So I am I’m not arguing for or against Forrest in any way, I have no ties to Forrest, or the area. I always feel like an interloper, when I talk about stuff like this, because I am, I’m definitely feel like a Yankee. But I do want all the information out there because this was the confusing part. For me. Learning about him, as a student of American history at the University of Memphis, is there was definitely things on both sides that I could see. And I knew that he had done terrible things. But I also in the end, he gives a speech at a pallbearers Association in favor of African Americans and African American education. And he’s actually presented flowers by an African American woman, and he kisses her on the cheek. Now I have professors that feel that that was all part of a scheme to get workers for his railroad business. But there’s no verification of that. So those are the things you have to you have to worry about as a historian is you can’t just I think it was this Well, does it? Is there a document that said, We’d that Forrest said, I did this because I really just wanted people to come work for my railroad. Unless you have those things, you’re really just guessing as a historian.

Scott 13:39
Yeah. And I think, from my perspective is watching you go through your graduate education, and watching you learn about these things, and you coming home and talking to me about them. You know, I started hearing this and I had the initial reaction that probably most people do, and the people listening to this podcast is saying, like, well, she kind of being an apologizer, for Nathan Bedford Forrest. And I learned that that’s not the case at all, really what you’re doing, what a historian should do is consider and learn and talk about all the facts and like you’ve said, try to remove your own personal bias. So that’s, that’s kind of the historians job is to do that. And so I thought that was very interesting because this is an incredibly uncomfortable subject for a lot of people. And he was a very controversial figure for that part of his life for so when the statues started getting taken down all throughout the south and in 2019 timeframe. That was a big thing in the Memphis area. They did it in the middle of the night, which a lot of people didn’t agree with and, and this that the other so that’s one of the things that I found very interesting was something as uncomfortable and controversial as Nathan Bedford Forrest who many The only thing they really know him for is that if they know anything at all, they might know him for Forrest Gump or as the first Grand Wizard of the KKK. Yes. And there was a lot more they’re

not apologizing or not vouching for or against. But taking the whole picture into account,

Jenn 15:22
absolutely like so I was a part of a group that actually had a marker put up at the location, a historic marker put up at the location where his business was his human trafficking business, his slave trade business on Adams Avenue. in Memphis, we had a marker put up to emphasize this is how Nathan Bedford Forrest made his money he human traffic people. And that ceremony, which we did on the anniversary of the 50th anniversary of the Martin Luther King assassination, the ceremony to dedicate that marker, we read the names, I say we I was in I was present there. I didn’t read any names that day. One of my professors did that with a couple of my friends did. Researchers found the names I think, I don’t want to I don’t know exactly 80 enslaved people that were sold by Nathan Bedford Forrest. And I mean, as young as six months old, and I cried, I cried.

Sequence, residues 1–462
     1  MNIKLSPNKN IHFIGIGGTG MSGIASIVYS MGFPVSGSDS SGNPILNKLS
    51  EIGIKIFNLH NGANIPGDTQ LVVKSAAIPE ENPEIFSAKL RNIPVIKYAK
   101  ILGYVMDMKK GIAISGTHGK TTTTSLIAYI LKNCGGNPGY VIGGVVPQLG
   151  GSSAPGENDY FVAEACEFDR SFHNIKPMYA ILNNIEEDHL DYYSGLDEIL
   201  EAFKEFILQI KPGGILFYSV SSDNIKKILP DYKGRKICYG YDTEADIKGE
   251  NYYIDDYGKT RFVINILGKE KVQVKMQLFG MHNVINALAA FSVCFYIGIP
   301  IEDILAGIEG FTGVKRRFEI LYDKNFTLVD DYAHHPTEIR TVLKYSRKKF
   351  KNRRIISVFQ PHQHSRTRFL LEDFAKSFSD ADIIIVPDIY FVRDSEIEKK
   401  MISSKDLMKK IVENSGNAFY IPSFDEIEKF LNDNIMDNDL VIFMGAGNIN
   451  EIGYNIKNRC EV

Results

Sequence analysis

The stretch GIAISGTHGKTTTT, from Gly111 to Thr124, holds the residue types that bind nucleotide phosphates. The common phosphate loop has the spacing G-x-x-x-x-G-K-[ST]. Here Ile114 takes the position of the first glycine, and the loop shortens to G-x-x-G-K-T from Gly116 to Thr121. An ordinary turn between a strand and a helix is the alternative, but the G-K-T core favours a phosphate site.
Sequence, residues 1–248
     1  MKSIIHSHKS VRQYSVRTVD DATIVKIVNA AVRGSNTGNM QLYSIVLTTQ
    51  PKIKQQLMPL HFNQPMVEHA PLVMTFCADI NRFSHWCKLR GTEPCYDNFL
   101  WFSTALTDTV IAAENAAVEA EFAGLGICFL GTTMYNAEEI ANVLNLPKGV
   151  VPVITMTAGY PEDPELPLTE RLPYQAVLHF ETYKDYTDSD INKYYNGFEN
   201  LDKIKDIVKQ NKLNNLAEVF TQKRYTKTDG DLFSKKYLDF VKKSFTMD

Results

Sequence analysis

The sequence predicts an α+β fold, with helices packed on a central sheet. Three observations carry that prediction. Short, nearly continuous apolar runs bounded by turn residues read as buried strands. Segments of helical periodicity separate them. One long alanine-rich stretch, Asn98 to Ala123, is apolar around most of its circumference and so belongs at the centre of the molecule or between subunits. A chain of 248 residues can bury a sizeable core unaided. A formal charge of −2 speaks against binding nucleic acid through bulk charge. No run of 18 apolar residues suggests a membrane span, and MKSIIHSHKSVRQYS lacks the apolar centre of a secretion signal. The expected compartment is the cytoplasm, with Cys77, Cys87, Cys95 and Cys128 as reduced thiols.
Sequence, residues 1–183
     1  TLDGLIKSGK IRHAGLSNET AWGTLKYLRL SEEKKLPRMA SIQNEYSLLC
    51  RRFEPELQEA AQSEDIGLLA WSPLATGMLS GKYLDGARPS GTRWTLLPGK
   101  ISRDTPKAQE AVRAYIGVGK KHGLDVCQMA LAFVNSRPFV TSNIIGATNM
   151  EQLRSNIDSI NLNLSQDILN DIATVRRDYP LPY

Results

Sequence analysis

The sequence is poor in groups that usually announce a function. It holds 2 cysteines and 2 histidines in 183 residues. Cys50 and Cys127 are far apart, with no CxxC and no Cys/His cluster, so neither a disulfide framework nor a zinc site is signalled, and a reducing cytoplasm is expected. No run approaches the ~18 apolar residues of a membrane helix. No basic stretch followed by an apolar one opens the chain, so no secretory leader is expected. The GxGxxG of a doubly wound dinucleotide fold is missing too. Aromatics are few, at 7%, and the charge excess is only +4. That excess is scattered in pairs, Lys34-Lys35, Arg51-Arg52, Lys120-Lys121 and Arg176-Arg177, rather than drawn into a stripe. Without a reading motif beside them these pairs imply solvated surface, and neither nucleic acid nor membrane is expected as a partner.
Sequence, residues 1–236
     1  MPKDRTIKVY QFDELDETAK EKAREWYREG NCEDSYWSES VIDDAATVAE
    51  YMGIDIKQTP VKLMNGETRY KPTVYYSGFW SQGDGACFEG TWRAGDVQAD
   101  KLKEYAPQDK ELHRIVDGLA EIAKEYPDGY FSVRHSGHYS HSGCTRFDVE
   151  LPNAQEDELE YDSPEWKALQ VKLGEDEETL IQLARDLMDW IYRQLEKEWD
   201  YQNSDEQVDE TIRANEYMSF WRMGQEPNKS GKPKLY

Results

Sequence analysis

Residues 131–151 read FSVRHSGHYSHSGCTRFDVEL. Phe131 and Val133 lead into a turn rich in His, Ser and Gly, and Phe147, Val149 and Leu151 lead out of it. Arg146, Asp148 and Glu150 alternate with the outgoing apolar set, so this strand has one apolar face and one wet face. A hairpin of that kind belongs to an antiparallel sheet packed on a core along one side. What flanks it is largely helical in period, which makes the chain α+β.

So I think he’s a terrible person in that regard. I do I am, what a horrible thing to do, to sell people. But as a historian, I believe that people can make up their own minds. And my job is to give you the facts. My job is to give you the facts of those names. My job is to give you the facts of what he did in the Civil War, what he did after with the Klan, what is factual about that? And then what is factual about the pallbearers speech? And then you have to decide is this man, did he have a second chance? Did he have a change of heart? Did he decide that he was wrong? In the end of his life? Do people get that chance? in life? I mean, I’m not. This is again, I’m not saying one way or the other how I feel about Nathan Bedford Forrest, I’m saying, These are the facts. And that’s what a historian is supposed to do is give them to you. So you can decide. In the end, the statue was taken down, it was taken down at night, I believe that if a statue was put up by the community, it has every right to be taken down by the community, especially if the community doesn’t feel that that that exemplifies how they feel about something.

But I think you and I have talked about this before, taking it down at night, I think sends the wrong message. I think it should be taken down in the middle of the day. And it should be taken down to fanfare they these statues historically go up in great fanfare, they go up with great crowds of people, and a lot of excitement. And they should be taken down. I feel in the same way. Because that should be how the community feels about it.

Scott 18:19
Yeah. So I think it was an interesting one to start walk the history The our YouTube channel with, but you did a good job in relaying and I think clear you shining a clear spotlight on all of the facts.